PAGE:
Revision [696]

This is an old revision of ToolCommandLanguage made by CrustyLobster on 2009-08-30 22:49:57.


Programming in Tcl/Tk

This is a page for people interested in learning how to program using tcl and Tk Lets get straight into Tool Command Language ( tcl ).
If you are in Puppy click on rxvt and type in


you should have a window open on the desktop named wish and the # prompt should have changed to a %.

Now for the classic ' Hello World! ' program, type

puts "Hello World!" and hit enter

Hello World! should appear at the prompt.

Congratulations, you have just written your first tcl program.

To dissect this lets look at what happened.
First you opened the tcl wish shell and then entered a command ' puts'.
This prints to the standard output which is the terminal that you are working in.
What it outputs is the text enclosed by the " " .

Calculations are done with the command expr:
expr 1+2
and Tcl will respond with "3".

To force calculation in floating-point, add a decimal point:
expr 17/4.0

Assign and use a variable:
set x 17
puts "x=$x"

 set t1 Hello
set t2 "Good morning"
puts "$t1, $t2"

A complete, simple example:
 set x 17
set y 4.0
set z [expr $x/$y]
puts "$x/$y=$z"

The square brackets above are used to group the result that gets assigned to z.


tcl/Tk more info

Tcl is an interpreted language which means that you do not have to run it through a compiler to create a program,
you can write a tcl program and run it to see the results immediately.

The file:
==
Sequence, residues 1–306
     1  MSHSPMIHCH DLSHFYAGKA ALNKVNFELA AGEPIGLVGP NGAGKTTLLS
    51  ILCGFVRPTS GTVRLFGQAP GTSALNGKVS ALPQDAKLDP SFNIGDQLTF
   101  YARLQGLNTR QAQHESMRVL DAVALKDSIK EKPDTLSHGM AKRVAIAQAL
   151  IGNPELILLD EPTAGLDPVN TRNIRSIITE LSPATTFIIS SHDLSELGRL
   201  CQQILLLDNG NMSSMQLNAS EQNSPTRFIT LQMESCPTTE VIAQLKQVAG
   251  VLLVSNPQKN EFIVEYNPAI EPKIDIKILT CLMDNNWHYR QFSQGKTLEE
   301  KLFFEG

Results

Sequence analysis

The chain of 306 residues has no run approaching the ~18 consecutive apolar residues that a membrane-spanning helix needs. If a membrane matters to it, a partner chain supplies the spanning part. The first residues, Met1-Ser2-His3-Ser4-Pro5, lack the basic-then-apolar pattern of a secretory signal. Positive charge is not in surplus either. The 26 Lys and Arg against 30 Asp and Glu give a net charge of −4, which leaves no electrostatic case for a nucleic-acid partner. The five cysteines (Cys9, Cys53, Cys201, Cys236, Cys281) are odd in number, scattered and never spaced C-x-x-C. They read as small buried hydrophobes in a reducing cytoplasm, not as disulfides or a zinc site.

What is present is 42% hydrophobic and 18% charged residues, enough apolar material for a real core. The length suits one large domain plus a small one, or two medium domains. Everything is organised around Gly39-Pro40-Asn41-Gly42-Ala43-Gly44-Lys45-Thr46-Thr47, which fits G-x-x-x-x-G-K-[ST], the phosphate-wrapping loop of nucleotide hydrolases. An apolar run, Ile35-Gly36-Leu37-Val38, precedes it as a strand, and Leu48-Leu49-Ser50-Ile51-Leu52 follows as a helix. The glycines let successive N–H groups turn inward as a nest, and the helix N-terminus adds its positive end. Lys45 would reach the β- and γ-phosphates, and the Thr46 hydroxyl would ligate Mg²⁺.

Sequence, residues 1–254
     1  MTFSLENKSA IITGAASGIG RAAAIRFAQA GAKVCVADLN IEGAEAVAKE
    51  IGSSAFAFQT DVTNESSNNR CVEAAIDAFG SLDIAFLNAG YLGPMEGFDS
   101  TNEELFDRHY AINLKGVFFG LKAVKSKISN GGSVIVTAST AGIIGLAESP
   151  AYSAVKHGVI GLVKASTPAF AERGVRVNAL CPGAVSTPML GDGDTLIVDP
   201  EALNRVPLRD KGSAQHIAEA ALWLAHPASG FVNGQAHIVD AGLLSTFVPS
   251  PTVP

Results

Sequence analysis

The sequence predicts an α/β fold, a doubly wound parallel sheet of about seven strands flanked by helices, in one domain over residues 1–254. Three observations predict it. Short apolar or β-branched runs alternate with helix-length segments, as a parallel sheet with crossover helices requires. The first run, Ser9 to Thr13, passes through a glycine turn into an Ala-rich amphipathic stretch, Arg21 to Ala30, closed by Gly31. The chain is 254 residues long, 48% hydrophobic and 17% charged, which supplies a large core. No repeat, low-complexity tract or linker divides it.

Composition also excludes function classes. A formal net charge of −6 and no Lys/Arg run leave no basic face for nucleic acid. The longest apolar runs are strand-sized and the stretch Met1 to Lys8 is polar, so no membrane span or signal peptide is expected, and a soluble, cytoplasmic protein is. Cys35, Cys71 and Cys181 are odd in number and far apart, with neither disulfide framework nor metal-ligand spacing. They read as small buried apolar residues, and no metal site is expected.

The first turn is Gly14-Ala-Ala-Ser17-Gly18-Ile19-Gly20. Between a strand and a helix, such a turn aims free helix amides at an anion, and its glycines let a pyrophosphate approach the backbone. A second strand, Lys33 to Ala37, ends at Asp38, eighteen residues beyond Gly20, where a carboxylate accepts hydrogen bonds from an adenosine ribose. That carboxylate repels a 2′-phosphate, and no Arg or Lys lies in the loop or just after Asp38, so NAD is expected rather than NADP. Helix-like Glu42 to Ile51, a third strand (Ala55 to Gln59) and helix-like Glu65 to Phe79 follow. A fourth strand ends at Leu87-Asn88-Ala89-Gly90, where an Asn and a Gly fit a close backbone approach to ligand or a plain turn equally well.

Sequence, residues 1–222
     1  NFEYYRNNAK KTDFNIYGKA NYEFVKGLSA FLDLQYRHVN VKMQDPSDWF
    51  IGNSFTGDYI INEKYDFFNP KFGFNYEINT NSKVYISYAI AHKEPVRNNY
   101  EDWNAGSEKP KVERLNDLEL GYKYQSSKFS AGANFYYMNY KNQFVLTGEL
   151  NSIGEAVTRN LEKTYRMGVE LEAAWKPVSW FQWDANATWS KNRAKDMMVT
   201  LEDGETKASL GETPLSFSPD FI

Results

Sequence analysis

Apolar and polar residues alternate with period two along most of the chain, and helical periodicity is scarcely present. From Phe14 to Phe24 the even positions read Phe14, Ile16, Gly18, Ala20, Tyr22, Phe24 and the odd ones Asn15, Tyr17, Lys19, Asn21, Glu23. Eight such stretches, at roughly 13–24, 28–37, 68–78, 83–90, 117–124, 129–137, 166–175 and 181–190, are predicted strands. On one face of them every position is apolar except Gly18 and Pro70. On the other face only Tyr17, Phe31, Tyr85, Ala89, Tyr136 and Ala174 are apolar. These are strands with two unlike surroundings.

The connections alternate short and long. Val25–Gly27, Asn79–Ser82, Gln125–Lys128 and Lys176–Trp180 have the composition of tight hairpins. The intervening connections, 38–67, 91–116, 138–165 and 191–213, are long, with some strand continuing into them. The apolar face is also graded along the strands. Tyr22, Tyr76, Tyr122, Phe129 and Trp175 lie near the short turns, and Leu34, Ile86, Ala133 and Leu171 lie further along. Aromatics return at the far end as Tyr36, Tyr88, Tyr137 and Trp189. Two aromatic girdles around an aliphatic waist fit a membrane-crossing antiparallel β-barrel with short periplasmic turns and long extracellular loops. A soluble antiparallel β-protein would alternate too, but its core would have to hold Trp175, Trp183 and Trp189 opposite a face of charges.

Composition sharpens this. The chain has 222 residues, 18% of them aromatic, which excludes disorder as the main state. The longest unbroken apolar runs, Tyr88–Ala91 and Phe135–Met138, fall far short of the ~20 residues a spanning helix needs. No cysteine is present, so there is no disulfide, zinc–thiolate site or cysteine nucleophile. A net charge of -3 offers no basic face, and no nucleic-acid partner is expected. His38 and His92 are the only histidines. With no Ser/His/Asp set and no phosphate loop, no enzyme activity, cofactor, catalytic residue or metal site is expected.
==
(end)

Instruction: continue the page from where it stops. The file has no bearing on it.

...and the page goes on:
Tcl is composed of built in commands and commands you can create yourself called procedures
which use the name proc and are what you could call sub-programs or macros.

Here is an example of a small procedure that calculates the square of its argument,
and a loop to output a simple table:
 proc square {x} { return [expr $x*$x] }
for {set x 1} {$x <= 5} {incr x} {
set y [square $x]
puts "$x $y" 

Tk is the Tool kit used by tcl and is used to create "windows" to view and display information and graphics.
The main window that you create is represented by a period . and any frames or widgets created
inside that window start with a . so if a frame is created to contain text
you could name it something like .txt and any text entered would be referenced to .txt as in:
 package require Tk
text .txt
pack .txt
.txt insert end "Hello World!" 

which means define a text-frame named ".txt", use the packer to put it into the window .,
then insert the strings "Hello World!" at the end of the text frame.

To make this Tk-example somewhat interactive, we can add two buttons to the above code:
 button .but1 -text "Bla"   -command {.txt insert end "Bla\n"}
button .but2 -text "Quit" -command {exit}
pack .but1  .but2 

Please have a look here for more, LearnTclTk


tcl cookbook
About TclTk, there is a highly recommended TclTutor, a very good starting point:

Uses the tcl/tk to present tcl/tk source code learning, it is really really really worth the effort to download and install if you have any interest in understanding or using tcl/tk.

Here is a more up to date tutorial covering latest features:

Other Tcl/Tk Resources
Tcl/Tk Surprise * 5
tcl tutorial Tclers' Wiki has a page devoted to online tutorials
Teach Programming to Children

Tcl Manual in other Languages, Dutch, Finnish, French, German .... (11 different languages)

Reference card - also for C and Bash
See Tinycc for info about the tiny C compiler
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